You may already know that a full-suspension mountain bike has a suspension fork up front as well as a rear shock, but a hardtail only has a suspension fork.
So, is full suspension better than hardtail?
Well, if you’re looking for greater uphill climbing ability, low maintenance, and cheaper bikes, hardtails are a better choice. On the other hand, full suspension is awesome for downhill descents, super comfortable rides, and a wide array of shock absorbers.
This extensive hardtail vs. full suspension mountain bikes comparison will help you make the right choice.
What You Need to Know About Bike Suspension
To make a good comparison between full suspension and hardtail, you need to know exactly how useful a bike suspension is.
There are actually different types of bike suspensions.
Therefore, when comparing hardtails and full suspension bicycles, you need to consider whether they have similar suspension types.
That is evident from a study by Michael Orendurff from Oregon State University which revealed that suspension forks with moderate stiffness are potentially the best choice.
The study compared rigid forks as well as suspension forks set at soft, medium, and firm stiffness. And the bikes rode over a series of small, medium, and large bumps.
Besides the stiffness, multiple design variations exist.
So, make sure you’re comparing apples to apples, when comparing a hardtail and full sus (full suspension bike). Just a slight difference in design can have a major impact.
Key Beneficial Features of Hardtail MTBs
Having an understanding of the features of a hardtail mountain bike (MTB) can help you decide if it will benefit you.
Here are the main features.
If you’re on a budget, you’ll likely prefer hardtails.
You’re sure to find a decent product even with a budget of about $1,500 or less. Such bikes are cheaper than a full sus because of the simpler design that’s less expensive to manufacture.
Various bike shops offer prices as low as $1,000 or even $500.
Affordable High-End Components
A full sus at the same price range as a hardtail will likely have fewer high-end components.
That’s because manufacturers can afford to put in extra components due to the lower production cost of the hardtail. So, you’ll get higher quality derailleur gears, brakes, shifters, and other components at an affordable price.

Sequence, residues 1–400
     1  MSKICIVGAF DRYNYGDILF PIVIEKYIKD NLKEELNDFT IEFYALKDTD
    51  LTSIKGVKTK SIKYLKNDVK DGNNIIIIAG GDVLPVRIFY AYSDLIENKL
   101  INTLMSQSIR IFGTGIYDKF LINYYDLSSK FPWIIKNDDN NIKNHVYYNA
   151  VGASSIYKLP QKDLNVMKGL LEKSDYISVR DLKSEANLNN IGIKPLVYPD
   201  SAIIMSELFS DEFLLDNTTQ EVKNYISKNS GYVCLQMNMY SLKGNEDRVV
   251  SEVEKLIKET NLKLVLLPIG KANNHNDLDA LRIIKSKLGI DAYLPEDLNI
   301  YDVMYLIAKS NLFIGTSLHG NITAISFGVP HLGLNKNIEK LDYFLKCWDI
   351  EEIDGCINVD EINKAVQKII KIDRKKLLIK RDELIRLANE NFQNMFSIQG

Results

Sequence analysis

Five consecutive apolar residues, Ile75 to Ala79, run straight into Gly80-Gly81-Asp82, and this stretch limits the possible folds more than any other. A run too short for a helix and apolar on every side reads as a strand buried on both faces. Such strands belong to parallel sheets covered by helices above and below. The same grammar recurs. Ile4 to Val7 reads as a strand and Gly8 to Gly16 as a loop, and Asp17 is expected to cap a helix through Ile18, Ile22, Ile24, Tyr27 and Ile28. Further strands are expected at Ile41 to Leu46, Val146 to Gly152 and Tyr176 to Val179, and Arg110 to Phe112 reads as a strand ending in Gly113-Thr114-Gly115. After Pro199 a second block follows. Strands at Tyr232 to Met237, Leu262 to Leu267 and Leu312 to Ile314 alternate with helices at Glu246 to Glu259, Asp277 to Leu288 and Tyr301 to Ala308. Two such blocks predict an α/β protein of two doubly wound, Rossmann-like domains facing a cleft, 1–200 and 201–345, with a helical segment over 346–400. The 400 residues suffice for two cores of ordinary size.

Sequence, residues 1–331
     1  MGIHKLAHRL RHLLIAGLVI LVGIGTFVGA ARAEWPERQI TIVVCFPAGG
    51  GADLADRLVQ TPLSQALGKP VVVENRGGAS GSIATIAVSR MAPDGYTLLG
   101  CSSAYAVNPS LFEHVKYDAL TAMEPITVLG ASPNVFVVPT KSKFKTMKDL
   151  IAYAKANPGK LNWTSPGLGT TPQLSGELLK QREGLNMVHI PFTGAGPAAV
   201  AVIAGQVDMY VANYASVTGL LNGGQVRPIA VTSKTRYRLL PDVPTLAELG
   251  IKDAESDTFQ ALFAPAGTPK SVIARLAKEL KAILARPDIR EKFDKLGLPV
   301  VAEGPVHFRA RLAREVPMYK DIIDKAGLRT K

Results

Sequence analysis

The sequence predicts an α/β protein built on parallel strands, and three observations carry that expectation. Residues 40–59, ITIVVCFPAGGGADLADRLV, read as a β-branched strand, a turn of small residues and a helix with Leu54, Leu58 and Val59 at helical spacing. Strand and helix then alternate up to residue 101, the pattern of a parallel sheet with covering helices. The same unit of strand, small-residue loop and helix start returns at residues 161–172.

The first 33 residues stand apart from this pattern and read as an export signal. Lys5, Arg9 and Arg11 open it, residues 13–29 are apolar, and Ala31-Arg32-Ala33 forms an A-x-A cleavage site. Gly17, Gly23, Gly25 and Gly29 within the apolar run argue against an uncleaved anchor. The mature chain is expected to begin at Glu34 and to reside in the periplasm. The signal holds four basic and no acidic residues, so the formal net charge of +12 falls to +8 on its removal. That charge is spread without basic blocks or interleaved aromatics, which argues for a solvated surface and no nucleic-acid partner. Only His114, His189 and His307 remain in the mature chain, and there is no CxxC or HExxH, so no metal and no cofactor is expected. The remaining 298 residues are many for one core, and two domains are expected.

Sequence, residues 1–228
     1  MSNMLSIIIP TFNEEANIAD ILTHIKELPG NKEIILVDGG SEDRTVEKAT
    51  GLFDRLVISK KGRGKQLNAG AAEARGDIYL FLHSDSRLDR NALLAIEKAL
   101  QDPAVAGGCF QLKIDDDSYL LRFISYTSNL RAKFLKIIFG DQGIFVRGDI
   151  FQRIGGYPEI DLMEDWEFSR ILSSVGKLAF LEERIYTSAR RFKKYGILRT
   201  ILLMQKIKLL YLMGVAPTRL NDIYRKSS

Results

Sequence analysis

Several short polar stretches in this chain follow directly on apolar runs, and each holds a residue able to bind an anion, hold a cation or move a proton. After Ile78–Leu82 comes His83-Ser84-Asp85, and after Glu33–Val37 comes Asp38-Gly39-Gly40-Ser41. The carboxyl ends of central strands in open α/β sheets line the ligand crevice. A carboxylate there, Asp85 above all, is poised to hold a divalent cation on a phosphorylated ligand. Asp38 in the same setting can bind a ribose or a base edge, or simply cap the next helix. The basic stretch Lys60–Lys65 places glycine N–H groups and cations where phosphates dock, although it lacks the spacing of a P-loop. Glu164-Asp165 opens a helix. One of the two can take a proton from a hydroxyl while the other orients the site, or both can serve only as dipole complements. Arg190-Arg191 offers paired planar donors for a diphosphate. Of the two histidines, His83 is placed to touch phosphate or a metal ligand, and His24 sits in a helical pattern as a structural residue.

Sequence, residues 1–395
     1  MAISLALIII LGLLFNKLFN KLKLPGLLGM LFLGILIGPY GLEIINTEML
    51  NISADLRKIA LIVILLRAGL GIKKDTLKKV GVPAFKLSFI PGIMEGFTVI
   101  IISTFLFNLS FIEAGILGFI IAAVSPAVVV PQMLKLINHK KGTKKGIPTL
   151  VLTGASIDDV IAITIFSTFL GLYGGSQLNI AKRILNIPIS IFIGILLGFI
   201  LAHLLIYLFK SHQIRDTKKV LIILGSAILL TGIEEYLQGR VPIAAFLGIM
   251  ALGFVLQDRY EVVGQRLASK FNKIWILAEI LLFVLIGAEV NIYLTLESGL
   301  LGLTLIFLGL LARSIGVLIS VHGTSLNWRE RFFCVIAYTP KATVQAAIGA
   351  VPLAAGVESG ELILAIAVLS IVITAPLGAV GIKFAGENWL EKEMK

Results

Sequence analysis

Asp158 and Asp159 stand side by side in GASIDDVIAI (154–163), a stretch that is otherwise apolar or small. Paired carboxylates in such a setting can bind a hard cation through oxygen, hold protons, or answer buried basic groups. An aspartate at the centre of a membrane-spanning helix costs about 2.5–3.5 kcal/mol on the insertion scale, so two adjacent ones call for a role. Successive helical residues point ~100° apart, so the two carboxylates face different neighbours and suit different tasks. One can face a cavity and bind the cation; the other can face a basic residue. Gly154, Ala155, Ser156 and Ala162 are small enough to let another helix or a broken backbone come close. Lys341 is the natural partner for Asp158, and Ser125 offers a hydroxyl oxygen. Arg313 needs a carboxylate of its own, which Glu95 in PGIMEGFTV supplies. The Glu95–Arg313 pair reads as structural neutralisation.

Hardtails have fewer moving parts, which makes them simpler and less expensive to maintain.
How much does it cost to maintain a mountain bike?
The yearly maintenance cost can be as much as $200+. If you’ll use the bike for the next 10 or 20 years, that means an overall lifetime expense of $2,000 to $4,000.
Generally, hardtails weigh less than full-suspension bikes.
Although you can still get light full suspension bikes too, you’ll have to spend far much more since that’s only possible with the high-end versions.
Key Beneficial Features of Full Suspension Bikes
A full sus has special features that can make it more beneficial, depending on what you need.
Here are the key features.
New Suspension Technologies for Efficiency
Although a high-end full sus can cost as much as $12,000, you get the benefit of various suspension designs offering different riding experiences.
A few notable designs include:
- Single pivot: A swing arm connects the rear axle to the main frame, without pivots in-between.
- Linkage-driven single pivot: An uninterrupted swing arm connects the rear axle to the mainframe, plus a linkage to drive the shock.
- Horst-link: The rear pivot is located below the rear axle on the chainstay.
- Twin-link: A rigid rear triangle articulates on a pair of short links connecting it to the mainframe.
- Trek’s ABP system: A linkage-driven single pivot using a concentric dropout pivot at the rear axle.
- Yeti’s Switch Infinity: A lower pivot sliding up and down on a pair of vertical shafts, plus an upper link rotating clockwise as the suspension compresses.
- High-pivot: A single pivot design with the pivot point placed much higher than normal.
Extensive Capability and Versatility
A full sus is well designed for technical trails.